Home prices increased 0.7% on an adjusted basis in December compared with November and increased 5.8% compared with December 2015, according to the S&P CoreLogic Case-Shiller U.S. National Home Price index.
The index’s 10-city and 20-city composites each saw home prices increase 0.9%, on an adjusted basis, month over month.
On an unadjusted basis, home prices increased 0.2% in December compared with November.
The 10-city and 20-city composites each posted a 0.3% increase, on an unadjusted basis, month over month.
Eighteen of the 20 cities reported increases in December, before seasonal adjustment. After seasonal adjustment, all 20 cities saw prices rise.
Seattle; Portland, Ore.; and Denver reported the highest year-over-year gains among the 20 cities over the 11 months leading up to December. Seattle led the way, with a 10.8% year-over-year price increase in December, followed by Portland, with 10.0%, and Denver, with 8.9%. Twelve cities reported greater price increases in the year ended December versus the year ended November.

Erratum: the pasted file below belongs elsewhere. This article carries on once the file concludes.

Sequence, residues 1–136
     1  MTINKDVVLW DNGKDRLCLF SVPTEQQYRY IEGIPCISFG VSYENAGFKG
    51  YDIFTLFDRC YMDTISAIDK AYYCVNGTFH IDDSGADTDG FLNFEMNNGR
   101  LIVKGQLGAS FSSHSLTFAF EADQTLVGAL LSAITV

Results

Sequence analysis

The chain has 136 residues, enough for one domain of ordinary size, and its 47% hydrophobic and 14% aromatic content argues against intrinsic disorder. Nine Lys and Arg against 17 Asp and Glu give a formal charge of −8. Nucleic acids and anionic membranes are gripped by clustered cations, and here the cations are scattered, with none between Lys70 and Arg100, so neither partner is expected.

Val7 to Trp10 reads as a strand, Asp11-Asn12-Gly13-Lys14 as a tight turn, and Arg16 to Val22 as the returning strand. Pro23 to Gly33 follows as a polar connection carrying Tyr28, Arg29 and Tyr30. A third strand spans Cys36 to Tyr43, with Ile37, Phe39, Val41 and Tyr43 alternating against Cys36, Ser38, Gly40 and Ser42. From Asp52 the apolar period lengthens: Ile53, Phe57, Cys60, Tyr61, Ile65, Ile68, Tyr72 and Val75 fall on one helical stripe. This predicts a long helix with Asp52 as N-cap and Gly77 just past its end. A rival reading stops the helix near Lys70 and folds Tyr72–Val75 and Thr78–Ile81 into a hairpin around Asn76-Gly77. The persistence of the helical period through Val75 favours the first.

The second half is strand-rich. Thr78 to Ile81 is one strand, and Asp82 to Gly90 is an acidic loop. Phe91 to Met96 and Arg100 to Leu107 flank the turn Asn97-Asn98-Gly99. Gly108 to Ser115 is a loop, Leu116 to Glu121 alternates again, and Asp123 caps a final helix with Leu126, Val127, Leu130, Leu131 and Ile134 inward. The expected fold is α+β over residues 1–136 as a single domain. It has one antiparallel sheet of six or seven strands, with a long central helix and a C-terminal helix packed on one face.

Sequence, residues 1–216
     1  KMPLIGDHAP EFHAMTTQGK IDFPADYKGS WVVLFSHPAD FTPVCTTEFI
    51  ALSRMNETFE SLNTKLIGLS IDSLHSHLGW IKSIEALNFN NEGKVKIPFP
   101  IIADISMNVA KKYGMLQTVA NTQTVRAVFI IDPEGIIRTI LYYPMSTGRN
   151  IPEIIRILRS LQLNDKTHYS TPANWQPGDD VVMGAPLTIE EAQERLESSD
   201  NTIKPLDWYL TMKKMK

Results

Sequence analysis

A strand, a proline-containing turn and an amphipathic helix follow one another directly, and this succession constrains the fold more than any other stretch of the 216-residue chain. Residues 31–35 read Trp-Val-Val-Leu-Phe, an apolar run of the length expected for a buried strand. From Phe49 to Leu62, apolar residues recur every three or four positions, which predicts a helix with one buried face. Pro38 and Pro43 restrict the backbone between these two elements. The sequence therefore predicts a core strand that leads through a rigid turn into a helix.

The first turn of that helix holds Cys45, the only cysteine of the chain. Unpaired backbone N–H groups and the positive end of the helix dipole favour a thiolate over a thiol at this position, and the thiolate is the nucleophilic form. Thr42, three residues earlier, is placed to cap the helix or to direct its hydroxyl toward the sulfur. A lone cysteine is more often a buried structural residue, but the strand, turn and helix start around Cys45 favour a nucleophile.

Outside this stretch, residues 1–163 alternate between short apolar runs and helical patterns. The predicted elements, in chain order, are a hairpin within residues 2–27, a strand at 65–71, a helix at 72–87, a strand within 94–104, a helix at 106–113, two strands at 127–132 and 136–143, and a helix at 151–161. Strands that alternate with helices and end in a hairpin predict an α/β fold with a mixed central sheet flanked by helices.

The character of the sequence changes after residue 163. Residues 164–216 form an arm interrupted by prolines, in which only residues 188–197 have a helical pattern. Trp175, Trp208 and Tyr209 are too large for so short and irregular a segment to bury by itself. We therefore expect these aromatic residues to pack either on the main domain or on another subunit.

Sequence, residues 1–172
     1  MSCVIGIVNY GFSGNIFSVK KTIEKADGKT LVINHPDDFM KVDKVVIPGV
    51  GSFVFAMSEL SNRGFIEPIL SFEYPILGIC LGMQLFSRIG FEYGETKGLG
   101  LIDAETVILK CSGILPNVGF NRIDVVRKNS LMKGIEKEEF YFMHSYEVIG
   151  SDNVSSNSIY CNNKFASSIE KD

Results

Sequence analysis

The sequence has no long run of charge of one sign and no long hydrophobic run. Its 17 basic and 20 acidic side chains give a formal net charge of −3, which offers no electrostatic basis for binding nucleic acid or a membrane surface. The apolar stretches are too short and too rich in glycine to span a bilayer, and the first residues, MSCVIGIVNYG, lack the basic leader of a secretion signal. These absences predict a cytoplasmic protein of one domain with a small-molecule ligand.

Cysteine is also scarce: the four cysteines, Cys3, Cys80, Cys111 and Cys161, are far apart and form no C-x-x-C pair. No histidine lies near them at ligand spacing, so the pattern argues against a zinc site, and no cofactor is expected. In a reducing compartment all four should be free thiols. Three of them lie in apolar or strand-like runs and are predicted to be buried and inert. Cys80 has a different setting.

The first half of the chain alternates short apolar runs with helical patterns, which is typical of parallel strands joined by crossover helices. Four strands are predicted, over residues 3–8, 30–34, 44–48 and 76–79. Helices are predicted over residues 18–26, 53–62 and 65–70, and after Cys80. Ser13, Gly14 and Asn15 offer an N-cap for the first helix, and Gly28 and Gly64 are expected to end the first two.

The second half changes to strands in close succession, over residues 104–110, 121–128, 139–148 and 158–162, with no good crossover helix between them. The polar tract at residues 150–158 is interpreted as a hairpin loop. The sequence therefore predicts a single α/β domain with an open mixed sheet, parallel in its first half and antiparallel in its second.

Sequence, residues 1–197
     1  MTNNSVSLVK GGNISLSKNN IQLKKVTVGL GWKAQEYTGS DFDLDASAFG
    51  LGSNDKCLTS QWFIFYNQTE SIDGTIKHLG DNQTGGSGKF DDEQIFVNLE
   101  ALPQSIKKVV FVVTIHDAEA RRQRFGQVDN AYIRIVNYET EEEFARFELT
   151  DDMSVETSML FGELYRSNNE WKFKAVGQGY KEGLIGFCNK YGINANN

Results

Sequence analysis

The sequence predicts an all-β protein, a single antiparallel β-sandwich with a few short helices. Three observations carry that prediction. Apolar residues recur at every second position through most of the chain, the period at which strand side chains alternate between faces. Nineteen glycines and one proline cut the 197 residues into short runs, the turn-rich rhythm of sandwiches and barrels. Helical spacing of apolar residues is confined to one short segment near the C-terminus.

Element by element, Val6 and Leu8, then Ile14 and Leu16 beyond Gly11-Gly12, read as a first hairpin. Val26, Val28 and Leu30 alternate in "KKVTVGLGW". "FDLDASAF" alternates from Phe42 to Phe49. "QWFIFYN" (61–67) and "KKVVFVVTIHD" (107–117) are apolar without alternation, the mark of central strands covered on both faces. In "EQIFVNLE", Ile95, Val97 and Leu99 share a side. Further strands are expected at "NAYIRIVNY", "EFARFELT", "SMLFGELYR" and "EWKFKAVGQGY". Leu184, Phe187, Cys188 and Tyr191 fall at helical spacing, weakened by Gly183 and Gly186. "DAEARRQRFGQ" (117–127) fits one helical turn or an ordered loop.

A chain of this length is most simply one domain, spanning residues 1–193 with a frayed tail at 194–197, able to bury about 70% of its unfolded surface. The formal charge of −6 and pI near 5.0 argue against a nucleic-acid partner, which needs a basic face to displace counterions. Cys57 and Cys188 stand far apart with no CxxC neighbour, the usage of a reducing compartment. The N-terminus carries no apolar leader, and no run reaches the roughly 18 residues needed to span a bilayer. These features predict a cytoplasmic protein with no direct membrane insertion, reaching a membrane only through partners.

“Home prices continue to advance, with the national average rising faster than at any time in the last two-and-a-half years,” says David M. Blitzer, managing director and chairman of the index committee at S&P Dow Jones Indices, in a statement. “With all 20 cities seeing prices rise over the last year, questions about whether this is a normal housing market or if prices could be heading for a fall are natural.
“In comparing current home price movements to history, it is necessary to adjust for inflation,” Blitzer continues. “Consumer prices are higher today than 20 or 30 years ago, while the inflation rate is lower. Looking at real or inflation-adjusted home prices based on the S&P CoreLogic Case-Shiller National Index and the Consumer Price Index, the annual increase in home prices is currently 3.8 percent. Since 1975, the average pace is 1.3 percent; about two-thirds of the time, the rate is between -4 percent and +7 percent. Home prices are rising, but the speed is not alarming.”
Blitzer says low inventory is partly what is driving up home prices and keeping them elevated.
“While sales of existing single-family homes passed 5 million units at annual rates in January – the highest since 2007 – the inventory of homes for sale remains quite low, with a 3.6-month supply,” he says. “New home sales at 555,000 in 2016 are up from recent years but remain below the average pace of 700,000 per year since 1990.”